What a day it turned out to be. It began hours before with curiosity, caution, and deep concern. The 18 year old female in the seat behind me, with the surprisingly beautiful voice, was the one responsible for my early morning emotions. I started the day with her and two others as the sun traveled across Kenya from the east and began to warm Uganda.
|Olivia and her baby Edward|
|Olivia gets her new wheelchair|
from Women in Crisis
After lab work at the International Hospital Kampala across town, and some work by the radiology department there, it was time for the relaxed ride back to Jinja. For the first time I sensed some positive emotions escaping from Olivia as she sang from behind me. We did everything the doctor requested. Though it was all in the Lord's hands before, we had now done what man could do, and we continued our hope in him.
Olivia is one of three patients that I have been working with during this first month back in Uganda. Thanks to the generosity of the community of Fairview, Oklahoma, a substantial financial resource had been made available to Next Generation Ministries for cases that would never get addressed adequately in Jinja.
|Living ... Olivia ... Pharidah|
Pharidah was written about earlier in my blog as the lady who renounced the demons of her practice in witchcraft and confessed Jesus Christ. She had developed an abscess in a breast and it needed to be fought by a day surgery. She spent one night in the hospital and is recovering nicely.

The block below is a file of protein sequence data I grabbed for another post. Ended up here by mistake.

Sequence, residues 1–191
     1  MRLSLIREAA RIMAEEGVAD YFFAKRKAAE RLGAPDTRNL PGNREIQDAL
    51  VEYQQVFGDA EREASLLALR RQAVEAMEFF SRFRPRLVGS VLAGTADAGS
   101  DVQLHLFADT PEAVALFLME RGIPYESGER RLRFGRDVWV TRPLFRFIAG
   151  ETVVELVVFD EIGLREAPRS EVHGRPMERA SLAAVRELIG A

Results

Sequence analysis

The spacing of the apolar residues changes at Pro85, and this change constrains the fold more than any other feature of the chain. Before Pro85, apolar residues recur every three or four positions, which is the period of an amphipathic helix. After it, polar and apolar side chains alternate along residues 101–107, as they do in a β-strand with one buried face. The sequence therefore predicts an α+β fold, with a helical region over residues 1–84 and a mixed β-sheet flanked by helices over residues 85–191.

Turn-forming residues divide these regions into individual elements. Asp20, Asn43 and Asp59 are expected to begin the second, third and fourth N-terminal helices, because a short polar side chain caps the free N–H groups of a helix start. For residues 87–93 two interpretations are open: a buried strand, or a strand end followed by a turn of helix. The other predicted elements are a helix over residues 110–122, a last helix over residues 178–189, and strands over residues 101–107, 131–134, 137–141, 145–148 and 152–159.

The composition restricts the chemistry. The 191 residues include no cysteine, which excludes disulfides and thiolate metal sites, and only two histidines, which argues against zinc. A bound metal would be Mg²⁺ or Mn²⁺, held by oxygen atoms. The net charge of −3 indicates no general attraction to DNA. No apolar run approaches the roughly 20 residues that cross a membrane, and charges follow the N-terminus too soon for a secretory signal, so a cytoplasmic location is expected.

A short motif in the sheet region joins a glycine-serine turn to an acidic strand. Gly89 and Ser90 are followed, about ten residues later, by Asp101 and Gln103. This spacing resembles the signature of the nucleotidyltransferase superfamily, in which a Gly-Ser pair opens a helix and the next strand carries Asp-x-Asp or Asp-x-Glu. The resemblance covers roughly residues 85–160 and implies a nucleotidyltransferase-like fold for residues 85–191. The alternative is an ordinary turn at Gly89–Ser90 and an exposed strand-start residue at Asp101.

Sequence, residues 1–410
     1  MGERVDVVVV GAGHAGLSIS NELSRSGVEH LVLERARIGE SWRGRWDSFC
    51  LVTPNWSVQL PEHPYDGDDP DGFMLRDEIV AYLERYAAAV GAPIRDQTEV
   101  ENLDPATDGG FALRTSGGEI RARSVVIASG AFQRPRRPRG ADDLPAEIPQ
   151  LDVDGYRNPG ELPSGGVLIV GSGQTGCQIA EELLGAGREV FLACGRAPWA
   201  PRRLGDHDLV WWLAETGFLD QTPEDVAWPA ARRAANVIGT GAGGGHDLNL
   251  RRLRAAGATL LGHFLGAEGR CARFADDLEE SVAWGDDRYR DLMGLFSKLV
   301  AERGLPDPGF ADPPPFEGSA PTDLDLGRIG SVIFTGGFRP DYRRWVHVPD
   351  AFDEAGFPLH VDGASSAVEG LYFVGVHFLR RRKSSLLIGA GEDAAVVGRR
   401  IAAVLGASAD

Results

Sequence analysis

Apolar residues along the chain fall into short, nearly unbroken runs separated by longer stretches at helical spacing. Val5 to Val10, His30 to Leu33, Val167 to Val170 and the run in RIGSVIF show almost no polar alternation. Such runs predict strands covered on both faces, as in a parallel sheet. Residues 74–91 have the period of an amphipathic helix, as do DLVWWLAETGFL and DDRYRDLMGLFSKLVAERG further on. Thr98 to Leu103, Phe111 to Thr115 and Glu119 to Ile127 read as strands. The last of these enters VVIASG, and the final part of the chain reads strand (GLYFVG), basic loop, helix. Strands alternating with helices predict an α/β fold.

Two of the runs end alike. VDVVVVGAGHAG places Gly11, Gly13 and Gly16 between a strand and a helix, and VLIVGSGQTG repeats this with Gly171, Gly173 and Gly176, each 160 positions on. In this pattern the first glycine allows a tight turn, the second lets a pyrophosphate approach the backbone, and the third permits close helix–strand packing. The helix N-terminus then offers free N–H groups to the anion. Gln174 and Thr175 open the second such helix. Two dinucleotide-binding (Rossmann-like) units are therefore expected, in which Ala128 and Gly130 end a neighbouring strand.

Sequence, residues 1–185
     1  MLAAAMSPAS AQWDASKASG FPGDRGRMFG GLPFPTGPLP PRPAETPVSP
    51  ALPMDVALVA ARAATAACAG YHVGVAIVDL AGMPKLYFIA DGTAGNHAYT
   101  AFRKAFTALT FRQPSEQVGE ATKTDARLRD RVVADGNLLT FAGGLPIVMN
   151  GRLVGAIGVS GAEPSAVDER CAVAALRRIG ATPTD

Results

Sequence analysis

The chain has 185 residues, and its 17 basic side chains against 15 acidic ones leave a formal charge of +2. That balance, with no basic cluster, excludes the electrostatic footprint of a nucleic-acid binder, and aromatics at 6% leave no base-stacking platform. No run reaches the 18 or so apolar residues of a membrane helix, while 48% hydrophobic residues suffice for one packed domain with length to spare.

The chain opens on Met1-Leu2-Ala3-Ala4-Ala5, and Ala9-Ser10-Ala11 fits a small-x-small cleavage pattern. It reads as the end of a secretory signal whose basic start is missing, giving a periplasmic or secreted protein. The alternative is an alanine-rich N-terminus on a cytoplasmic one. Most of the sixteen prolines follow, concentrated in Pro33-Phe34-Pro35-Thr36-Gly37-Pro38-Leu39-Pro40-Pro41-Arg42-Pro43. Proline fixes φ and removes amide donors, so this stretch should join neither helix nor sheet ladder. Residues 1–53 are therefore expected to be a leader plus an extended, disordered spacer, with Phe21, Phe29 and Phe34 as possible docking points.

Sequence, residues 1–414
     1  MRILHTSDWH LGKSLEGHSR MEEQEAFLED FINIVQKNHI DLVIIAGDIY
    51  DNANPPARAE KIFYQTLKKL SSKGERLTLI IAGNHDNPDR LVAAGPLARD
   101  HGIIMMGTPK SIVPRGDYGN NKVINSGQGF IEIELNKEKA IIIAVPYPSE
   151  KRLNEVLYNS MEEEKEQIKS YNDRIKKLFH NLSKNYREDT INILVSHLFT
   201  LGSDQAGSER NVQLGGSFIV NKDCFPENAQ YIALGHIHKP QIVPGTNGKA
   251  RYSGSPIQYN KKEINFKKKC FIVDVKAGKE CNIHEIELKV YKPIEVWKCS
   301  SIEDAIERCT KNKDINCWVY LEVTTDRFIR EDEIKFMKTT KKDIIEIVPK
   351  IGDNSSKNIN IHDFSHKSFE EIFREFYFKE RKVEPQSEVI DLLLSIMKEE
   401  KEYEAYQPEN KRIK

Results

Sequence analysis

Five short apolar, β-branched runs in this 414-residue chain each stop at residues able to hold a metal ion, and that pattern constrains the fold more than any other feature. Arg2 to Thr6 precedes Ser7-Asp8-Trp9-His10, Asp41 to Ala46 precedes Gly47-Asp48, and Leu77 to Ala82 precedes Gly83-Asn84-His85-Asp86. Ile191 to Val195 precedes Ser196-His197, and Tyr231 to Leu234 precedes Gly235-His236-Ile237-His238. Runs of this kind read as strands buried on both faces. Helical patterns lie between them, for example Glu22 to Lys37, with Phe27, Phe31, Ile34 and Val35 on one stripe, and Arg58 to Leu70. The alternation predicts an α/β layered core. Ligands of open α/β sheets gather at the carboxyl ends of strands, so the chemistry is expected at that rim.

Of course others are usually present to help with the transfer of the patients and available for the medical consultations and any medicines prescribed. But, I am often the solitary individual registering the new patients, acting as guardian, and making numerous trips to the cashier. Woven throughout this tapestry is the movement I make back and forth from the lab to radiology and the specialist seeing our patients.
|Disturbing ... not for the faint at heart|
It is not easy to think about the long term consequences of the neglect and delay of medical attention to so many. Olivia is NOT the exception. Even the distance between Jinja and Kampala presents difficulties that put our patients at risk.
I rest in the consolation that I am not alone. I may be the individual directing much of the activity to and from and at the medical institutions, but none of this would be possible without those in America who want to take a small portion of what they have to help those who have little or none. Without the compassion and care of Lyzette to Women in Crisis, Next Generation Ministries would have never come to know about Olivia. And, in those quiet moments, looking over written medical reports, I'm anxious to discover the word "normal" from those who analyzed the test ... and I'm aware that I am simply a human instrument in partnership with a Divine Father.
I rest in that. I can't fix anything that is broken. I can't heal any disease. I can't repair any injury. But, under the directive of Papa I can be a tool of His supreme love and care. That is enough for me. His firstborn Son invited us to come to Him when we are burdened or heavy laden. He promised that He would always be with us until the very end.
Whether waiting or wondering outside the office of a doctor or laboratory or riding in the cool breeze of African evening air ... I am never ... ever ... alone.